Giving Compass' Take:
- Here are examples of successful pathway programs in early literacy that yielded positive results for early learning and development.
- Why are community partnerships critical to improving early literacy? How can school districts leverage these collaborative tactics to maintain progress?
- Check out this overview of early childhood education.
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As our education systems move from scrambling to adapt to school closures and distance learning towards something approaching normality, many are asking questions about how to recover what was lost. How have children been impacted by this unprecedented gap in their learning? Will there be long-term effects? Will they suffer socially and emotionally from the “COVID slide”? And what can be done to make up for lost ground?
Education nonprofits can play a significant role in our nation’s efforts to meaningfully support underserved students, supporting teachers with reading instruction approaches proven to be more effective for most children in the classroom.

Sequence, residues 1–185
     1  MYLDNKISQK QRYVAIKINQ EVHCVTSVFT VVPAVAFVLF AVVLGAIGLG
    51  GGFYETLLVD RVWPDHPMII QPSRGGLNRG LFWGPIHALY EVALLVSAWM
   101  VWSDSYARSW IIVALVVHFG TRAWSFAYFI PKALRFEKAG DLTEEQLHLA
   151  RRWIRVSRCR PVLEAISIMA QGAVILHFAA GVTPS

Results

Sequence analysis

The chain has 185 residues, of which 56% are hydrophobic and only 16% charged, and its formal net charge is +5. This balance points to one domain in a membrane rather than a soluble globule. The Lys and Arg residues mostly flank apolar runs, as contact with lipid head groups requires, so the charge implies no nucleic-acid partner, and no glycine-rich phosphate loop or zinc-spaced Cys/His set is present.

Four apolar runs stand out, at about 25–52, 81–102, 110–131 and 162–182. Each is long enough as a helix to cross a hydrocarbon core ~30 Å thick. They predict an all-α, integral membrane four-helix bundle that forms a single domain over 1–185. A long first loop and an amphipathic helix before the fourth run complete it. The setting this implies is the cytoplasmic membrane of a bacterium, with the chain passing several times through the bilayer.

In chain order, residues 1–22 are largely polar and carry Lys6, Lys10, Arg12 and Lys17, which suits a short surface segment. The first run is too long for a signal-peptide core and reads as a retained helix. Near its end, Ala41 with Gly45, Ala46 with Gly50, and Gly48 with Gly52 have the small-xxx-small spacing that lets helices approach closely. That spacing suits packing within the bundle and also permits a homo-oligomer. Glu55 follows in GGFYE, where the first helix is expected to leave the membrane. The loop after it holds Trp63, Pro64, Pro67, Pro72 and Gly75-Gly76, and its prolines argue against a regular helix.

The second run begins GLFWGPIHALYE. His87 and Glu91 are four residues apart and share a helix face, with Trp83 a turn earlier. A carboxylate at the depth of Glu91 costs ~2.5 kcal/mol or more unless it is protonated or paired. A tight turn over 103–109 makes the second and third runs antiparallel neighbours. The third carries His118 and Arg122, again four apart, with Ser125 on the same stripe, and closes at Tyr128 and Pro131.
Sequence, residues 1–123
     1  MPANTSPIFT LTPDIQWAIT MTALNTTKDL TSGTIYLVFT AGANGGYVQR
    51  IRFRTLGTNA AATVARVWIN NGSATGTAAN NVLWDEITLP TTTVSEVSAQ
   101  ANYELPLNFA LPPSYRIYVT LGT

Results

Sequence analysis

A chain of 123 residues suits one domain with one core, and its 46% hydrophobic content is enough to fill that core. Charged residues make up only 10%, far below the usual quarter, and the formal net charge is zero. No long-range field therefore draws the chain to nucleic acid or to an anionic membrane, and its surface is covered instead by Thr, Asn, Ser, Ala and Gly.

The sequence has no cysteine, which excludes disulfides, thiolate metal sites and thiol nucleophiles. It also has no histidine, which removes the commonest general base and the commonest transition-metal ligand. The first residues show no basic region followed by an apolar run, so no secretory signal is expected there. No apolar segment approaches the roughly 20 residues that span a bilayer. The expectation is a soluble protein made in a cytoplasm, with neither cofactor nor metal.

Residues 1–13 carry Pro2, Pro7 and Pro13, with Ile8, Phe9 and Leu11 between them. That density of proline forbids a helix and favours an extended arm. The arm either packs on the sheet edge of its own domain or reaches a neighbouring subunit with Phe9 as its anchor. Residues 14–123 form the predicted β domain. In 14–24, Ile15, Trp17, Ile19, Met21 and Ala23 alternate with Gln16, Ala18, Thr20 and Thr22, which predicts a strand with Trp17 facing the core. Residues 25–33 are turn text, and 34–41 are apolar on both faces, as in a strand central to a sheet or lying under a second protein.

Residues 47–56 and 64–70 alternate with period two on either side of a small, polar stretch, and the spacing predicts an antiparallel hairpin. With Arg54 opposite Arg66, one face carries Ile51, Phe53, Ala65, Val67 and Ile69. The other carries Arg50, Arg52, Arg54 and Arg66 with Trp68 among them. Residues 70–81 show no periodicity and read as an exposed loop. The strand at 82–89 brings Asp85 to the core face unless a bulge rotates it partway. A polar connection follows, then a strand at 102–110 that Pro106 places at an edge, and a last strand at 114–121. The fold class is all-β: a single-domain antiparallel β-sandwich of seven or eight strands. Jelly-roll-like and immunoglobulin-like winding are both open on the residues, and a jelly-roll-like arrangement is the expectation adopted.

For example, when schools moved to online teaching in 2020, it was clear that young learners who were already struggling would be the most negatively impacted. For underserved Latinx students, many of whom are English learners, learning to read was already a challenge, and this would only be exacerbated by remote instruction. So in June 2020, we started our newest program, Pathways to Literacy, to address this critical need in our community, targeting first-grade students of the Latinx community at no cost to their families.
The results of these two programs—one focusing on building teacher capacity to support all students, the other providing direct services to a targeted population—have been far-reaching. LPLC’s program evaluations for the Idaho Early Literacy Program consistently show that the school districts that participate in the project see greater gains from fall to spring in the percentage of students able to read at grade level: One district went from 46 percent of students meeting reading benchmarks as measured by the Idaho Reading Indicator in September to 79 percent in May (compared to the state average, which only increased from 52 percent to 69 percent during that same school year).
These programs have been successful for specific reasons:
- They complement each other to address the larger education ecosystem.
- They are grounded in the science of learning and development.
- They leverage partnerships with schools and other community organizations.
Read the full article about bolstering early literacy by Evelyn Johnson, Alan Pesky and Claudia Aulum at Stanford Social Innovation Review.